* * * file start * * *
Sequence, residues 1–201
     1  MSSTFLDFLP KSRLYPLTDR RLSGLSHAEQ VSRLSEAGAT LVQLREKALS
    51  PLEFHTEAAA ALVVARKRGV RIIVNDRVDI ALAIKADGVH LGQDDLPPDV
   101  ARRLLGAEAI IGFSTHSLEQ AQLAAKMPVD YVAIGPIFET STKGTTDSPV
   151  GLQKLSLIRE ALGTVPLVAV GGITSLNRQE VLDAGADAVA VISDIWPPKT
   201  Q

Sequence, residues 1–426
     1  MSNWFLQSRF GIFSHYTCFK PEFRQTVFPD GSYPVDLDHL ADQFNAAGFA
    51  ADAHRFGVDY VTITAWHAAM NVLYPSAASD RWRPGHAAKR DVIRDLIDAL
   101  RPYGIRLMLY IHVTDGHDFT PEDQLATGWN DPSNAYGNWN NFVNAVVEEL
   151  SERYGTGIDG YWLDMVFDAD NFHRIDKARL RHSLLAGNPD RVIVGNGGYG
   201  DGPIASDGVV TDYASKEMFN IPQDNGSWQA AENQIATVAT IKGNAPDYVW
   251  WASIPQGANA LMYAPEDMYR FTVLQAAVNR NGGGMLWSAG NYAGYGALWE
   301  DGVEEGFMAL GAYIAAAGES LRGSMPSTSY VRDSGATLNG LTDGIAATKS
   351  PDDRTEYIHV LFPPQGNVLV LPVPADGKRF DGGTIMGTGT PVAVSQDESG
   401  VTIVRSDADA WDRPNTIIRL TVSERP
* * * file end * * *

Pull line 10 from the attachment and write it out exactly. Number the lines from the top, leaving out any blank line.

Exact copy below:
   101  RPYGIRLMLY IHVTDGHDFT PEDQLATGWN DPSNAYGNWN NFVNAVVEEL